What To Do When Your Kid Says They're Bored - Baby Chick
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What To Do When Your Kid Says They’re Bored

Learn what you can do when your child says they're bored, along with some great boredom-buster ideas!

Updated March 16, 2024

by Karen Johnson

Medically reviewed by Rachel Tomlinson

Registered Psychologist
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If you’ve been a parent for a few years, more than likely, you’ve heard the dreaded words, “Mommy, I’m bored.” And many of us don’t often meet that phrase with the most positive responses. First, we roll our eyes in frustration because our kids have nine billion toys to play with; how do they suffer from boredom? Second, do they know how good they have it? Free time to do whatever they want, and my kid feels bored? That sounds dreamy. (As we transfer the clothes from the washer to the dryer, stir the dinner cooking on the stove, and make a mental note to pay the bills later after vacuuming the filthy carpet and scrubbing toilets.)

But maybe it’s time we reframe how we respond when our kids say they are bored, especially if we want them to learn how to fill their free time rather than expect us to entertain them. Maybe it’s time we see our kids’ boredom as a gift — and make sure they know it’s a gift, too.

What Kids Mean When They Say They’re Bored

According to research professor Richard Rende, Ph.D., when kids say, “I’m bored,” they mean, “I’m not engaged.” He says that boredom is good because it means your child’s brain is “craving something, and I need to muck around until I find that something that satisfies me.”1 And that mucking around? It’s good for them.

The experience of being unengaged (or “bored”) is when kids can blossom and get lost in unfettered imaginative play. When we don’t structure their entire days or when they have downtime, it gives kids a chance to get creative and come up with ideas to keep themselves busy.4

Why Is Boredom Essential for Kids To Experience?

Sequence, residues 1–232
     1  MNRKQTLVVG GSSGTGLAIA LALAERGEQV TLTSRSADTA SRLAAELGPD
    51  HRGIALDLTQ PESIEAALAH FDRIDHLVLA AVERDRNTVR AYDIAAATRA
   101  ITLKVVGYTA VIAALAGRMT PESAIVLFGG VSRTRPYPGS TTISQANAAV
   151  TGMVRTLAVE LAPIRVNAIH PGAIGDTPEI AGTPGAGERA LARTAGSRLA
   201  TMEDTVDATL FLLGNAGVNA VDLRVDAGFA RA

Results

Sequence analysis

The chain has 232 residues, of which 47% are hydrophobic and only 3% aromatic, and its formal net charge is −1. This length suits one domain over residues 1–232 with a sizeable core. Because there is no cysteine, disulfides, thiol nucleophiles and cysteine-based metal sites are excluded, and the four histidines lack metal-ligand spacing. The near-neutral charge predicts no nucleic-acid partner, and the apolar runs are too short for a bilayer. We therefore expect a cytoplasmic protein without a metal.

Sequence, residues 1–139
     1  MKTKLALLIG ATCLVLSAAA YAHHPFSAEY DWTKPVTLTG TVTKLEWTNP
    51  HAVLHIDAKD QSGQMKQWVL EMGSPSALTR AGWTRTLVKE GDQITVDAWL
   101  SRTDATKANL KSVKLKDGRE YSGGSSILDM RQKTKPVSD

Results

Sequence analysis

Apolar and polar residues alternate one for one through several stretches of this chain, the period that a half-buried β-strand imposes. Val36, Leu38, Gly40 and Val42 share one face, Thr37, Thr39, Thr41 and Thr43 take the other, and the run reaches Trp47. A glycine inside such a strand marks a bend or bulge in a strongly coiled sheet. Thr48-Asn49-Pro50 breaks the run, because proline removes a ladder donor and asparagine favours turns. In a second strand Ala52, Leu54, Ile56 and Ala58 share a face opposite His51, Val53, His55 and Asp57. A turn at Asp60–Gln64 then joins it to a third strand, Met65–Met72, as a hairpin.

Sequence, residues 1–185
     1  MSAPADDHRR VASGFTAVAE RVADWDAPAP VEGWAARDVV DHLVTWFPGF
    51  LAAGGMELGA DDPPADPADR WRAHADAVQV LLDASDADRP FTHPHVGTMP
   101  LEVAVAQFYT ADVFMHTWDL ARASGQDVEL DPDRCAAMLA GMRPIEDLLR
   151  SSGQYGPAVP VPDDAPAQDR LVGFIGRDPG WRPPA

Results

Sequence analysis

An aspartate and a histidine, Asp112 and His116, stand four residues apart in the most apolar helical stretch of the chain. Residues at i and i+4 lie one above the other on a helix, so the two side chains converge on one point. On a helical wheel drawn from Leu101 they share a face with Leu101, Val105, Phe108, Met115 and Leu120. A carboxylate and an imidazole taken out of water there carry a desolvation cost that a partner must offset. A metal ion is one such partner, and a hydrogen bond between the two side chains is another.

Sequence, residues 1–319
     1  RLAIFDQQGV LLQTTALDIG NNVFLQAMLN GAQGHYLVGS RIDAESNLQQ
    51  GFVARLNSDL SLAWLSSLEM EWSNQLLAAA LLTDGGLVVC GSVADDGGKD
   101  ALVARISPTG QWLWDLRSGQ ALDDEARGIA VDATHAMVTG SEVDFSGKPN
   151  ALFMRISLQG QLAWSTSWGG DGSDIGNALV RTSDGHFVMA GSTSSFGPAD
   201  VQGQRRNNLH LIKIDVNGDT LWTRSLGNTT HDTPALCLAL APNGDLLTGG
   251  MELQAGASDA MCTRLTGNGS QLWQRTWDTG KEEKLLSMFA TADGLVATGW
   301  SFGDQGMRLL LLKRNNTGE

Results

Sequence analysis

When children experience boredom, they can let their imaginations kick in. This is when kids get to run around and not have rules, restrictions, or a calendar dictating their every move. Or when they can climb trees and play house, school, or hide-and-seek. It’s when they can gather other kids for a makeshift kickball game in the street. And when they can draw, paint, write stories, find their inner passions, or dream of what they might want to be when they grow up.

We live in a “go, go, go, go,” overly scheduled society that tends to see downtime as wasted time that we should use to be more productive. But we can use free time to find an activity that fills our cup, which is one of the most productive things a person — adult or child — can do. Viewing boredom as an opportunity to do something can benefit everyone. Free play, or a chance to direct themselves, means children can use their time to:2,5,6

  • Try new activities
  • Develop frustration tolerance
  • Take the initiative to entertain themselves
  • Develop planning strategies and problem-solving skills
  • Learn perseverance
  • Increase their confidence

How Parents Should Respond When Their Kids Say, “I’m Bored”

First and foremost, parents should ensure they’re meeting their children’s basic needs. Sometimes, our kids come to us saying they are “bored” but actually seek our attention.2 If you can give your child a few minutes of undivided attention, especially if you’ve been busy and haven’t connected with them lately or as much as they need, try that first.3,5

If your child’s needs are being met, and it is truly a case of classic boredom, you shouldn’t swoop in as the 24-hour entertainment source. That is not your job. We do more harm than good if we always solve our kids’ boredom struggles. We should teach them to figure out their boredom independently, using their imagination and problem-solving skills.3 Their self-esteem also relates to feeling capable, i.e., if they can figure things out for themselves, it can improve their sense of self-worth and self-efficacy (the belief that they can achieve things).6